Types of Headers and What They’re Used For

a header is used on a western australian wheat farm to harvest ripe grain
May 13, 2021 Renan 0 Comments

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Your job doesn’t end once you’ve had your new (or used) combine harvester shipped to the farm; you’ll also need to determine which type of header attachment is best for the job you’ve got in mind. If you choose the wrong header, you could experience unwanted hiccups during the harvesting season; you may even see a reduced grain quality and yield, which has a knock-on effect on your profits (and nobody wants that!).

Headers are available in a myriad of shapes and sizes, often with specialized purposes. It can be easy to identify the right type of header if you look at how the original equipment manufacturer segments the products available for purchase, but that doesn’t mean it can’t also get confusing. Plus, with the right transport company, (like Tractor Transport) header transport services are easy! Below, we’ve taken the time to introduce you to the most commonly used combine headers and which crops they’re most suited to. As a quick introduction, these are the header types we’ll be discussing in a little more detail:

  • Corn headers
  • Draper headers
  • Grain headers
  • Auger headers
  • Flex headers
  • Pick-up headers
  • Sunflower headers

Corn Headers

Corn headers are primarily built to aid with the harvesting of row crops, including corn. Corn headers have cones that are designed to fit neatly between cornrows. Between these cones, the header has gathering chains that snap the stalks using knife rolls. The cut stalks fall to the ground while the crop heads are fed into the auger at the back of the header, which then transfers the corn into the combine’s feeder house.

Suitable for: Row crops where stalks aren’t needed, corn, and soybeans.

a header is used on a western australian wheat farm to harvest ripe grain

Draper Headers

Draper headers are so-called because of the belts themselves that drape the machine and feed crop to the central belt, which loads the harvest into the combine for separation. Draper headers are useful for preventing pinching and slugging. They differ from more conventional auger headers that utilize stainless steel floors rather than conveyor belts.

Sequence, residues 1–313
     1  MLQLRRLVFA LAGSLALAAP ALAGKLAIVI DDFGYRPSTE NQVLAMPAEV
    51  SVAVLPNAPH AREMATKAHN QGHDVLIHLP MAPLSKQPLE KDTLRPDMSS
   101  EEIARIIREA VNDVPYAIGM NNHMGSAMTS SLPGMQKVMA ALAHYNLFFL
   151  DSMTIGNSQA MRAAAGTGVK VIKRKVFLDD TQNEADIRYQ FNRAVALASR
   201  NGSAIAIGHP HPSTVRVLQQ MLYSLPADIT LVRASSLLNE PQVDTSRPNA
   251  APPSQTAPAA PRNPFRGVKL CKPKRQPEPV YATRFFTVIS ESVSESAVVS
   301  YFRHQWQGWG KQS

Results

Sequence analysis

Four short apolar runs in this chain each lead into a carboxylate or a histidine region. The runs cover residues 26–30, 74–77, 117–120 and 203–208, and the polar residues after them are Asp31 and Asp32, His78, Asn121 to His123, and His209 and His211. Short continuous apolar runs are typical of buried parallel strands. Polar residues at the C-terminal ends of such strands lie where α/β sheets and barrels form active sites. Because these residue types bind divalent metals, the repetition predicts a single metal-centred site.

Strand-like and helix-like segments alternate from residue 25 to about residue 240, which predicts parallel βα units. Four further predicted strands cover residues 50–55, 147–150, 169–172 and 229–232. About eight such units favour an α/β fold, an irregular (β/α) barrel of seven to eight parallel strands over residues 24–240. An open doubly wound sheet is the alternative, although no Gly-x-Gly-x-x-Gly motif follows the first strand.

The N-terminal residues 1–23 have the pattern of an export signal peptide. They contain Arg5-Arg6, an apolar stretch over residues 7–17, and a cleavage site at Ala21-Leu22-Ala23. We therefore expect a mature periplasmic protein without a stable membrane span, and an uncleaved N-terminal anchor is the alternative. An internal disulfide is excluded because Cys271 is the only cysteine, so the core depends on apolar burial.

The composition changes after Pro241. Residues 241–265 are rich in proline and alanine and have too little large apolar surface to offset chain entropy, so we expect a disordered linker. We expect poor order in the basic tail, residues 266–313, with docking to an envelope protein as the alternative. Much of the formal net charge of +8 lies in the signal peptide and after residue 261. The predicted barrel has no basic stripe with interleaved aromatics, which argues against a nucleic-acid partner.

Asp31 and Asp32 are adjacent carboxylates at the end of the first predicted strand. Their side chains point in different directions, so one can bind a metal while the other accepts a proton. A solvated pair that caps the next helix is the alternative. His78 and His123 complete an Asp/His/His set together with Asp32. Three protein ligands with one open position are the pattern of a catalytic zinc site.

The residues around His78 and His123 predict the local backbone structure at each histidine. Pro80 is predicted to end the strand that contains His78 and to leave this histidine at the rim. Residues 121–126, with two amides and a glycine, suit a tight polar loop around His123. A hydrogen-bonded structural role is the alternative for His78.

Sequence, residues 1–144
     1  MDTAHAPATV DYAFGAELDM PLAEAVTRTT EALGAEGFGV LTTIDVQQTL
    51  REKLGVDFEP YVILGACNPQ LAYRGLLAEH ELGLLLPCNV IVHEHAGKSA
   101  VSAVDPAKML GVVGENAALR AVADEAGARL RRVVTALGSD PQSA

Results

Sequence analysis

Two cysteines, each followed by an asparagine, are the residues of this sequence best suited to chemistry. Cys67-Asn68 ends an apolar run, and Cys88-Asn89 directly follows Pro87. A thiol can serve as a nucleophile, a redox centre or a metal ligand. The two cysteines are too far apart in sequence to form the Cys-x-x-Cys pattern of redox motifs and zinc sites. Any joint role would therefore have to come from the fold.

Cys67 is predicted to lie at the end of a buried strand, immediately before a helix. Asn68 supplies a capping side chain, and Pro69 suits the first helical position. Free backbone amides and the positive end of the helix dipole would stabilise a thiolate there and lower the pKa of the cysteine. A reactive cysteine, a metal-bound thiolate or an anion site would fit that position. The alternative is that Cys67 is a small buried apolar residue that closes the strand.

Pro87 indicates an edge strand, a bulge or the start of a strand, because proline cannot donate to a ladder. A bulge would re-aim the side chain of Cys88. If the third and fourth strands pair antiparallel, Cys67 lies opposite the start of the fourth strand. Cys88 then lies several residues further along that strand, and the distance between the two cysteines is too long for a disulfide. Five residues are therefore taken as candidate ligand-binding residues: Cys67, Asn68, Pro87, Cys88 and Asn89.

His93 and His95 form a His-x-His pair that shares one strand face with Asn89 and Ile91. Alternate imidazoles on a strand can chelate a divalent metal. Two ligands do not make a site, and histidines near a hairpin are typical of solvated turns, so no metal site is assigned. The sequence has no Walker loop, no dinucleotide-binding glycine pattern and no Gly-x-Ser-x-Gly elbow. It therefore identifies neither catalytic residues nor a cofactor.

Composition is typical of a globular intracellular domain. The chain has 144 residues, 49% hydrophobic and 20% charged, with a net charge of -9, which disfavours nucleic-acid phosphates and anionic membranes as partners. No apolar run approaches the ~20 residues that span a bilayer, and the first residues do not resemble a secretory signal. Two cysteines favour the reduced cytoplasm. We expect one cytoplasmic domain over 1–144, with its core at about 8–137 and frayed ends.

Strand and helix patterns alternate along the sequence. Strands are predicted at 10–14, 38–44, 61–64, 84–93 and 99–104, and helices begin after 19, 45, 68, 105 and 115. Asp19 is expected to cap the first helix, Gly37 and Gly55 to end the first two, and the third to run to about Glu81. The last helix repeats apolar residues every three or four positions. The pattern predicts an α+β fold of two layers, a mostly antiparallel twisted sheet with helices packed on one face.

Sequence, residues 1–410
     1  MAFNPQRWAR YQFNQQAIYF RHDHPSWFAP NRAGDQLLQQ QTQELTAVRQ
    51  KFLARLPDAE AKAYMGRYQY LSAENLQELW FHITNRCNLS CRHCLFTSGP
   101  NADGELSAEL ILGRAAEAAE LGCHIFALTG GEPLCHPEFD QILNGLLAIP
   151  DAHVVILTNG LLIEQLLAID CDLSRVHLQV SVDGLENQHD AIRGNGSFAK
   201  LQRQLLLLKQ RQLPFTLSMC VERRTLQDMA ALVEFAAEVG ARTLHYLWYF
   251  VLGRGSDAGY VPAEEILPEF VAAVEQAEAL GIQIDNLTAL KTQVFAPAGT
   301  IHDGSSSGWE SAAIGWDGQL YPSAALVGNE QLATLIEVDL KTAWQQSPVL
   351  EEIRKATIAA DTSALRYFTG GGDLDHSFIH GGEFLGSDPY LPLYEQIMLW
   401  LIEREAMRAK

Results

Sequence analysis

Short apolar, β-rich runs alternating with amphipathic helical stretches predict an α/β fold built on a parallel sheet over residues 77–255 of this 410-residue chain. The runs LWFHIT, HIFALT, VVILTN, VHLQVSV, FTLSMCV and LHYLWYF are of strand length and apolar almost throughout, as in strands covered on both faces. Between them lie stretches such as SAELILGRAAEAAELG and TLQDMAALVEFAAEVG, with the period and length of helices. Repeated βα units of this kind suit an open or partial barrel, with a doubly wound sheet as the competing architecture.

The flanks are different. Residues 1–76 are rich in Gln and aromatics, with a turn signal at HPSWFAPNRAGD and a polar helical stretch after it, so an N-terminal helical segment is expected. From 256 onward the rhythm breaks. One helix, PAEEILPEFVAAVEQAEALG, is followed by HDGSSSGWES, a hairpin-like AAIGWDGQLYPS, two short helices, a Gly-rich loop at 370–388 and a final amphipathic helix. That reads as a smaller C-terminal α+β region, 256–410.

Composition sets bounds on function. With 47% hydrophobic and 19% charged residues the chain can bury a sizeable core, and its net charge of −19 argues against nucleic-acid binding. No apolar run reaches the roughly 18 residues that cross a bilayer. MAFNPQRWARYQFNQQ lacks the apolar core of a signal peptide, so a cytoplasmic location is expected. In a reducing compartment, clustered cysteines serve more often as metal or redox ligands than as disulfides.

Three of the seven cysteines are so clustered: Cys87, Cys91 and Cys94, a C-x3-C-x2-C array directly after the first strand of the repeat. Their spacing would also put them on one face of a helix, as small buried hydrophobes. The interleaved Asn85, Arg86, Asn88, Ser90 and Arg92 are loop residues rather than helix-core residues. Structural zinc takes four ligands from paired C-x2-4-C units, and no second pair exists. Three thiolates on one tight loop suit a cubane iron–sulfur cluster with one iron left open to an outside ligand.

Suitable for: Peas, beans, grains, and wheat.

Grain Headers

Sometimes referred to as wheat headers or draper headers, these attachments utilize a canvas-style rolling platform that catches crops from the sickle bar. They then feed the grain through the combine for cleaning and separation.

Suitable for: Wheat, grain crops, peas, and beans.

Auger Headers

Auger headers, sometimes referred to as tin fronts, are a more conventional type of header. They typically have quite a large diameter, and the horizontal auger is used to feed crop material from the cutter bar into the auger table. Auger headers then channel the crop into a central position for combine harvester feeding.

Suitable for: Grains and wheat.

Flex Headers

Flex headers are designed to operate over uneven ground. They feature guards that protect the blades which do the cutting, so there’s less chance of inadvertently dulling the blades through contacts with rocks and other unwanted materials. Flex header functionality is often combined with draper headers to ensure an efficient harvest.

Suitable for: Harvesting fields with uneven ground.

Pick-up Headers

These headers are designed to pick up crops that have been windrowed. Pick-up headers have long times on the header, which collect up the produce and transfer it onto the belts that feed the auger. The auger then moves the crop into the combine harvester. These headers are some of the most versatile, and they can harvest a wide variety of crops.

Suitable for: Peas, beans, lentils, grass, grains, and canola.

Sunflower Headers

As the name suggests, this is a more specialized header. However, it’s commonly used in many U.S. states such as South Dakota and North Dakota, which produce millions of pounds of sunflower seeds each year. Although it does resemble a corn header, usually there are sunflower trays that are fitted to the cutter bar to keep heads and seeds in the front of the header, while a head snatcher component speeds up the harvest and optimizes seed collection.

Suitable for: All sunflower varieties.